PPG paints precise picture of production

From depalletizing to palletizing, powerful graphics-laden software analyzes the performance of PPG Industries’ packaging lines. Analysis results in changes that increase output efficiency 12%.

On plant PCs, PPG personnel are presented a detailed, informative picture (above) of packaging line performance, including that
On plant PCs, PPG personnel are presented a detailed, informative picture (above) of packaging line performance, including that

Paint production is done by the numbers at Pittsburgh, PA-based PPG Architectural Finishes, a division of PPG Industries and maker of popular national paint brands such as Pittsburgh Paints, Olympic Stains and Lucite Paints. Information on actual output, time, and run speeds is collected automatically from packaging line sensors via programmable logic controllers. That data is analyzed by Performance Index (PI) software from Zarpac (Oakville, Ontario, Canada), specifically designed for packaging analysis.

With its number-crunching algorithms and easily understandable graphics interface, PI paints a precise, comprehensive picture of performance from the depalletizer to the palletizer on several lines at PPG’s Dover, DE, plant. “It offers an exact, unforgiving view of what’s happening,” says Bruno Pierannunzio, manager of packaging engineering. “It can provide a time-based graph of second-by-second events. It’s invaluable—you see patterns you otherwise cannot capture or see.”

The PI software makes the mountain of data collected as useful as it is accurate. “It converts the raw data into pie charts, bar graphs and reports in such a way that managers, supervisors, maintenance personnel and plant floor people can make solid decisions,” explains Pierannunzio.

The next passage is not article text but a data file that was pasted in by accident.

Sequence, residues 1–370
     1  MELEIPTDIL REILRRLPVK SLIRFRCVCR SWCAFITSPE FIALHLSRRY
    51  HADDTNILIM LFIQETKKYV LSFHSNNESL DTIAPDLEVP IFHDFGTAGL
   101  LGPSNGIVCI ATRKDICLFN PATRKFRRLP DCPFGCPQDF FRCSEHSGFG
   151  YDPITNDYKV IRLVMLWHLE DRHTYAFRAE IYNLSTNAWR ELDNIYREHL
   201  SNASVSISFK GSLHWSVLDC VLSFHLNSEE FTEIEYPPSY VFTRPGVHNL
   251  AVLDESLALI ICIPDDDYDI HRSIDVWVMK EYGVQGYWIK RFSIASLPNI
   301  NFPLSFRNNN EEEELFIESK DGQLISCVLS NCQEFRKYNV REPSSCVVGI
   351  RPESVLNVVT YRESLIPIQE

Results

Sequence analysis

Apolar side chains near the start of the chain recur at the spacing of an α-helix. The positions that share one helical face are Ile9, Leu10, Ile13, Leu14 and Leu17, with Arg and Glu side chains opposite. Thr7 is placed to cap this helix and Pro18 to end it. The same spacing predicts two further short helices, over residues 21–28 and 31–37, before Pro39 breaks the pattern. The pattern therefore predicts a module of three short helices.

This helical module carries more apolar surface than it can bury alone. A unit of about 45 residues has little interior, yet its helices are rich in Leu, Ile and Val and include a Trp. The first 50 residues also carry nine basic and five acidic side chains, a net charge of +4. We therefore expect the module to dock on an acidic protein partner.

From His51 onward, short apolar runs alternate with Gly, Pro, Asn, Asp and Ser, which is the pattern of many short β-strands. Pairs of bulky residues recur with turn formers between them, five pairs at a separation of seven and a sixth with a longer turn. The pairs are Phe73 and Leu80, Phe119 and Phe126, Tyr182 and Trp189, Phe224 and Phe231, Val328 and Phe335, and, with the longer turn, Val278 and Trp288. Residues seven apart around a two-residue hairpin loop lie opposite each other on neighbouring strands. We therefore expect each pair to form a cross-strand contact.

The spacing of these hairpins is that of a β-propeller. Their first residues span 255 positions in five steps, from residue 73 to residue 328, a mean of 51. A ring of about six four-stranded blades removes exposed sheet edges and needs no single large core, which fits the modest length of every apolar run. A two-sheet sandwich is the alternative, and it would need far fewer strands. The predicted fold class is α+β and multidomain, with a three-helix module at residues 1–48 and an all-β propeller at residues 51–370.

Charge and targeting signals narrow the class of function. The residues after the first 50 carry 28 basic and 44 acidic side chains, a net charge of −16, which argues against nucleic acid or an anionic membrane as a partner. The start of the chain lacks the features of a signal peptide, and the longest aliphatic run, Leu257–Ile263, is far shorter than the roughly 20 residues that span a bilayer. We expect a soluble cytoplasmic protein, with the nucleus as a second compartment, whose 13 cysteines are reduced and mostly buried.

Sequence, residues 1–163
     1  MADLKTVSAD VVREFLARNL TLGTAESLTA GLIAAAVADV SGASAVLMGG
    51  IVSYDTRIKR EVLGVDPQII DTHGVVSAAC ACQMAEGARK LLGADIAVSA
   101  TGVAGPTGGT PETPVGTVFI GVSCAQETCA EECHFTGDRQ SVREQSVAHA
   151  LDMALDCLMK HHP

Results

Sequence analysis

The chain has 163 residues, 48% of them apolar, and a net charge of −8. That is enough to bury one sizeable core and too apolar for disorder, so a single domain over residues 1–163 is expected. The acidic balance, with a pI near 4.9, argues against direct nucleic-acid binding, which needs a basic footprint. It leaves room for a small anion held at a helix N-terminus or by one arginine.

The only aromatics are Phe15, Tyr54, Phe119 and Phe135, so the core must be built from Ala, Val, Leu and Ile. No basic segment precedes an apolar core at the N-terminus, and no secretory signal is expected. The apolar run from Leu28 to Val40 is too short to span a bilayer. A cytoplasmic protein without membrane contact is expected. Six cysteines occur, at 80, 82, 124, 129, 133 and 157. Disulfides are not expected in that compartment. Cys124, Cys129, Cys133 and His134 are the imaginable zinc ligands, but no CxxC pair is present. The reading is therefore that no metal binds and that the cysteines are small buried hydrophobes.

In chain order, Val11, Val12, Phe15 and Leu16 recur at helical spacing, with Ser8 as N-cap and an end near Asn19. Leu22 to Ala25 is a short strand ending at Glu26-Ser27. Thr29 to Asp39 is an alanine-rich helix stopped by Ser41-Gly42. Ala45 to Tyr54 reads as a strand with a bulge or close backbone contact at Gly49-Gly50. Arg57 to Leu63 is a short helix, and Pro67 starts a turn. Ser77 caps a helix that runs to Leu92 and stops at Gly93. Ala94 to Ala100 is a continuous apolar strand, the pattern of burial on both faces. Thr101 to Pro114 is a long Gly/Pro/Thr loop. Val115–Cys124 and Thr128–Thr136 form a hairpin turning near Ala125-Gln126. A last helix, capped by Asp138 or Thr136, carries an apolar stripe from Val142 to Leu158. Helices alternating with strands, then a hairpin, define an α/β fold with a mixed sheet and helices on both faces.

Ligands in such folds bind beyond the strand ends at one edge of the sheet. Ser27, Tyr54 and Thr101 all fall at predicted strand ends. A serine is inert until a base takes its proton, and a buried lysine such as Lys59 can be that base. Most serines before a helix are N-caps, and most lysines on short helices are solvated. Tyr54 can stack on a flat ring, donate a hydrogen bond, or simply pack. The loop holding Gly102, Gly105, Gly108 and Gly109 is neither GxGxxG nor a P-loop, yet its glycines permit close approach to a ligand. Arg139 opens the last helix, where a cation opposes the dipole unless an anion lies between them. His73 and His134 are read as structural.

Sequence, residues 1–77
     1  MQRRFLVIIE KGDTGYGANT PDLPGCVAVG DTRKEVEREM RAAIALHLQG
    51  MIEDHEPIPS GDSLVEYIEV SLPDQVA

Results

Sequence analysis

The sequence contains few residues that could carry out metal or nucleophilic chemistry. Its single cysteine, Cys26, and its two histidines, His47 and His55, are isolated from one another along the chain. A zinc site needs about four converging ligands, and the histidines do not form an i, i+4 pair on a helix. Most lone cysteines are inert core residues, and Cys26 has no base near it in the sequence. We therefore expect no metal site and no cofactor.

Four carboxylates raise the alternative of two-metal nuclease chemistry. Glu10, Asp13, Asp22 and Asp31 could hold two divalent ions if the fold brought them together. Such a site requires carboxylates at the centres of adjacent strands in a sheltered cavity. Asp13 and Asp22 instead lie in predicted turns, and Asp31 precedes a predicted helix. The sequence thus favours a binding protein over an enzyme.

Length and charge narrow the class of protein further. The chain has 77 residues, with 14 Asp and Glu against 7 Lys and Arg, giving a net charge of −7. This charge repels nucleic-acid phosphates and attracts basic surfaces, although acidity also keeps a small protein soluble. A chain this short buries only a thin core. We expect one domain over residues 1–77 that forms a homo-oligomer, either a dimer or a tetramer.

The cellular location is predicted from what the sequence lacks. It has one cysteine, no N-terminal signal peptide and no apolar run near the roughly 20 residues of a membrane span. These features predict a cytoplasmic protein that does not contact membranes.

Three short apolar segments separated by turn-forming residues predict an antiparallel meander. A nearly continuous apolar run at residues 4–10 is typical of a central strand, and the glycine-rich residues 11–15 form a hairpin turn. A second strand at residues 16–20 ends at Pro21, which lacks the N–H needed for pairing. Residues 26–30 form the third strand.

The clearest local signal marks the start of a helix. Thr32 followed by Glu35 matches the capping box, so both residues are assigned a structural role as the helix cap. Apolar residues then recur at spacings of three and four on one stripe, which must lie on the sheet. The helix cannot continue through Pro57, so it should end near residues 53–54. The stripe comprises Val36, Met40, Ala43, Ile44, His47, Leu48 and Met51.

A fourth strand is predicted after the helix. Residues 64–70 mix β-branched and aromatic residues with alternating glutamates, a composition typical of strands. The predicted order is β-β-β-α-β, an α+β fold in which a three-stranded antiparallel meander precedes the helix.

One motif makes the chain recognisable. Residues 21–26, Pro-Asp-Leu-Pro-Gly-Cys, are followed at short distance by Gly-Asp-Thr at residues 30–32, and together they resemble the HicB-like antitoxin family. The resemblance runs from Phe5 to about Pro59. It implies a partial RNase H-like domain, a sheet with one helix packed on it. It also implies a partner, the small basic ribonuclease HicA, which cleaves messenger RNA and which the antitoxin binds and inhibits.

“The idea is to measure all the faults we possibly can, always looking to reduce downtime,” he continues. “With what we learn, we can make improvements.”

Improvements indeed. Pierannunzio reports that through mid-year, the plant was 12% ahead of the forecast plan this year for gallons/man hour, which is how PPG measures its productivity. He credits the software as a main reason for that improvement.

Objective and consistent

PPG was the beta site for PI Version 4.1, which allows data collection without operator intervention, The automated aspect was crucial for PPG, says Pierannunzio: “The objectivity and consistency are what attracted us the most.”

Before, PPG tried different ways of recording events during the packaging process. All of them involved some form of manual logging of information by packaging line operators. These failed due to data being inaccurate and inconsistent. Thus, no one trusted the information, says Pierannunzio: “What made this even worse was that line operators were doing nonvalue-added tasks in recording the data.”

In July ’99, PPG concluded the software was a winner after they’d completed the beta site test, Pierannunzio says, and have been getting accurate data since then (see sidebar).

Packaging World visited PPG’s Dover plant to view the system in operation on a 1-gal line, one of several packaging lines analyzed by the PI software.

Data is collected on all operations from depalletizing through palletizing. In between, the cans are labeled, filled, lidded, baled (application of metal handle), ink-jet coded and loaded four gallons per case before a bar code is ink-jet printed on the case and the bar code is analyzed. The cases then convey for palletizing and off-line stretchwrapping.

PPG monitors data in a 24-hour cycle from 4 a.m., a timeframe that overlaps the plant’s two shifts that run from 6 a.m. to 10:30p.m. This “smooths” out shift-to-shift imbalances. During those 24-hour cycles, PPG has set the PI to sample the data continuously via sensors throughout the line.

The sensors are a combination of existing ones dedicated to machine control and supplementary ones needed to provide proper data collection. On the 1-gal line, PPG uses five different sensing points on each machine to supply information to the PI software. Many of the sensors used were existing as provided by the machine supplier or from the line integration and control on key transfer or conveyor points, says Pierannunzio. These devices include photo sensors, proximity sensors and limit switches from Effector (Exxon, PA), Rockwell Automation (Milwaukee, WI) and Micro Switch (Freeport, IL). For example, on the filler, sensors on the infeed and discharge sides provide status and container count information. “We can track any downtime occurrences and duration for every machine on the line,” he says.